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Want to add a simple contact form in your Contact or Advertisement page?
Pretty much every single WordPress site needs at least a basic contact form, so a form plugin is a must-have plugin for bloggers.
That is why the most popular form plugins have hundreds and thousands, or even millions, of installs.
WPForms Review: All The Features That The Plugin Offers
I want to start off with a quick list of some of the plugin’s most powerful features. These are:
- A beginner-friendly drag and drop editor that makes it simple to create custom forms.
- Premade templates for common form types to save you time.
- Spam protection to help keep your form submissions spam-free.
- Conditional logic so that you can display different form fields depending on how a visitor answers previous fields.
- Option to view form submissions in your WordPress dashboard, as well as the option to receive email notifications.
Beyond those core features, WPForms includes tools that let you go beyond basic contact forms and create things like:
- Payment forms
- Registration/login forms
- Email opt-in forms
- Guest post submission forms
How The WPForms Editor Works
To give you an idea of how easy WPForms makes it, I’m going to take you through the process of building a basic contact form.
When you launch the WPForms form builder, you can choose from a variety of different templates for prebuilt form types.
These are nice because they will save you time. Instead of building everything from scratch, you can start with a template and just edit as needed.
For this example, I chose the Simple Contact Form template.
Once you launch the editor, you’ll see a live preview of your form on the right and the form options on your left.
Configuring General Form Settings
Once you’ve set up the specific form fields that you want to include, you can go to the Settings tab to configure:
- Spam settings: These help you avoid spam submissions without requiring your users to enter a CAPTCHA (though you can add a CAPTCHA if desired).
- Notifications: WPForms will automatically store the entry in your WordPress dashboard. But you can also set up email notifications, or even notifications to a Slack channel.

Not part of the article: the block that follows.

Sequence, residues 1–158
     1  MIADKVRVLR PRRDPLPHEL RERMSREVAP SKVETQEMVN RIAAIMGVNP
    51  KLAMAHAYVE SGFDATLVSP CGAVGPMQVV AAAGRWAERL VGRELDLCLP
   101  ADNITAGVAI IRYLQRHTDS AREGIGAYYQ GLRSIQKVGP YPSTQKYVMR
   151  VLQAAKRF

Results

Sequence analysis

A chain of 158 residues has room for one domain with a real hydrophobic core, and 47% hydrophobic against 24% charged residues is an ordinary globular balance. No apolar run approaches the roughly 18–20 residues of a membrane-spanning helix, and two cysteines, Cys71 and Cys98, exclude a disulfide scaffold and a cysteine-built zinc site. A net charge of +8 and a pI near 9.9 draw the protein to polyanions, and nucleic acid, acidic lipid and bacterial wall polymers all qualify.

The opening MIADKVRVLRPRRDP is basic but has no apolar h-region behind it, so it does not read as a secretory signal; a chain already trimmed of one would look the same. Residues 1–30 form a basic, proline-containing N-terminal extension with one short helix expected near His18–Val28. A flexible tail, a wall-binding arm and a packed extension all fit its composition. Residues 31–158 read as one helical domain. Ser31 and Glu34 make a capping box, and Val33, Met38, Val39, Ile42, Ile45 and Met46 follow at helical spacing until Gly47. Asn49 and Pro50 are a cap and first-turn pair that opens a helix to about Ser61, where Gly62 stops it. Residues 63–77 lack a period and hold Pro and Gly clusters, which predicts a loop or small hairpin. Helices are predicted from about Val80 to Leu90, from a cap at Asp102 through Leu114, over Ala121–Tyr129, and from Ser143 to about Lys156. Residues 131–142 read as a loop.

- Confirmation: This is what the visitor sees after submitting the form. You can either display a message or send them to a specific page.
One nice thing about this area is that you can actually set up multiple different notifications. So you could, for example:
- Send one type of notification to yourself
- Send a different notification to your blog’s editor
4 Powerful WPForms Implementations Beyond A Simple Contact Form
There are a lot of plugins that can help you create a basic contact form. While WPForms is great owing to the easy form builder that I showed you above, the bigger thing that differentiates WPForms from much of the competition is all the helpful things it can do beyond just creating a contact form.
Here are some of the ways that you can use WPForms on your site to make your life easier.
1. Create A Survey Or A Poll To Engage Your Visitors
With the Surveys and Polls add-on, you can create detailed survey forms or simple multiple choice polls to collect feedback from your visitors
2. Accept Payments As Part Of A Form
If you think about it, every payment checkout in existence is really just a form connected to a payment processor.
That means, with the Stripe or PayPal add-ons, you can actually use WPForms to accept payments or donations.
You can even calculate different payment amounts depending on which item a user selects.
3. Create A Custom Login Or Registration Form
People are always looking for ways to customize the default WordPress login and registration forms.
Rather than limiting yourself to WordPress’ core functionality, though, you can actually use the WPForms User Registration add-on to create your own login or registration forms that you can embed anywhere in your site.
The cool thing about this is that, in addition to being able to display the forms anywhere, you can also collect extra information, like a short bio.
4. Let Users Submit Blog Posts From The Frontend Of Your Site
With the Post Submissions add-on, you can let people submit actual posts via a form on the frontend of your site.
This feature is powerful because it lets you accept guest post submissions without needing to give people access to the WordPress dashboard (or without needing to upload the posts yourself).
Instead, you can allow them to submit the actual post as a draft. Then, all you need to do is approve or deny it.
If you get a lot of guest post requests, this method can definitely save you some time.
WPForms even includes a pre-built template that lets you collect author information in addition to the blog post content.
Have you tried WPForms on your own site? Leave a comment and let me know what you think of the plugin.